Strong core, back and neck muscles are crucial for maintaining proper posture, protecting your spine and giving the rest of your body a solid foundation to work off of. If any of these muscles are weak, you may experience back pain, headaches and even some mobility problems. Exercises to strengthen your core, back and neck should be done three nonconsecutive days a week.
The plank exercise is highly effective for strengthening the core and back, and because your neck must support your head throughout the exercise, your cervical muscles will also become stronger. Begin by lying face down on the floor, and prop your upper body up on your forearms so they are directly below your shoulders. Lift your hips and legs off the floor so your lower body is supported by your feet. Contract your abdominal muscles, straighten your back and stabilize your hips so your body forms a straight line from your head to your heels. Hold this position for 30 to 60 seconds. Repeat the exercise two to three times.
Deadlifts work nearly every muscle in your body and do a wonder for your core, back and neck. Stand facing a loaded barbell that rests on the floor. Position your shins close to the bar and your feet hip- to shoulder-width apart. Stabilize your core, straighten your back, and bend your knees and hips to lower down into a squat. With your arms extended, grasp the bar with an overhand or mixed grip wider than your legs. Keeping your abdomen engaged and back straight, exhale as you press through your heels to lift the bar by straightening your legs. Once the bar reaches your knees, push your hips forward and pull your shoulders back to reach the standing position. Carefully lower the bar back to the floor to prepare for the next repetition.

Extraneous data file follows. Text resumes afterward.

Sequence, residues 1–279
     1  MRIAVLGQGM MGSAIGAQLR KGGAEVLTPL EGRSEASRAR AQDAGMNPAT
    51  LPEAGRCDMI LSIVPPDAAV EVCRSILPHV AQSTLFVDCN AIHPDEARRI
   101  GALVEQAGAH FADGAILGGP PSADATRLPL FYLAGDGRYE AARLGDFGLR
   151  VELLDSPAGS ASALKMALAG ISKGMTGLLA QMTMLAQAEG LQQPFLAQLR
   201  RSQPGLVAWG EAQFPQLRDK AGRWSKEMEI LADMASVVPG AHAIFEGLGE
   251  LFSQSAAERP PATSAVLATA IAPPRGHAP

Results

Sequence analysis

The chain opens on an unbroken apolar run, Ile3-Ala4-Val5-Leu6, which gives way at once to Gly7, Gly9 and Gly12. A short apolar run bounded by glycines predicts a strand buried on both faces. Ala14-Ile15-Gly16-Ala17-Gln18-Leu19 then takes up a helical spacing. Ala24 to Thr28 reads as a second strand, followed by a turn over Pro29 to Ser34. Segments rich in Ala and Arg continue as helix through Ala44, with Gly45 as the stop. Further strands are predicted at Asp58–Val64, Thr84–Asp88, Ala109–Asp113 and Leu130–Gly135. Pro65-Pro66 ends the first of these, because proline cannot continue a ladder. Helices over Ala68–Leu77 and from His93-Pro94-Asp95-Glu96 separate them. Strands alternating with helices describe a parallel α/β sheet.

Bent rows dynamically work the bulk of the back, including the trapezius, which runs up the sides of your neck, while isometrically working the spinal muscles. Your core muscles are put through a workout as they support your torso and the added weight. Stand with your legs slightly bent and hold a barbell with an overhand grip slightly wider than shoulder width. Straighten your back, contract your abdominal muscles, bend your knees slightly and lean forward at the waist 45 degrees so the bar is at knee level. Exhale and pull the bar up to your chest by bending and lifting your elbows as high as possible. Slowly extend your arms to lower the bar back to the initial position.
Neck Isolation Exercises
Most strength-training exercises work the back of the neck, but neglecting the front and sides can lead to muscle imbalance and poor posture. Because of this, it's important to add in exercises that specifically work these parts of your neck. To strengthen the sides of your neck, try lateral isometric contractions. Sit or stand with your back and neck straight. Place your right hand against the right side of your head. Press your head into your hand while simultaneously resisting any head movement with your hand. Hold this contraction for 10 seconds, and then repeat the exercise with the left side of your neck.
Isolate your anterior neck muscles with a weighted head nod. Lie face up on an exercise bench with your head near the end of the bench. Place a light plate weight -- 2 1/2 to 5 pounds -- on your forehead and hold it in place with your fingers. Then simply lift your head off the bench. Carefully lower back to the starting point.
Jen Weir writes for several websites, specializing in the health and fitness field. She holds a Bachelor of Science in exercise science from Montana State University, is an NSCA-certified strength and conditioning specialist and maintains a personal trainer certification from the American College of Sports Medicine.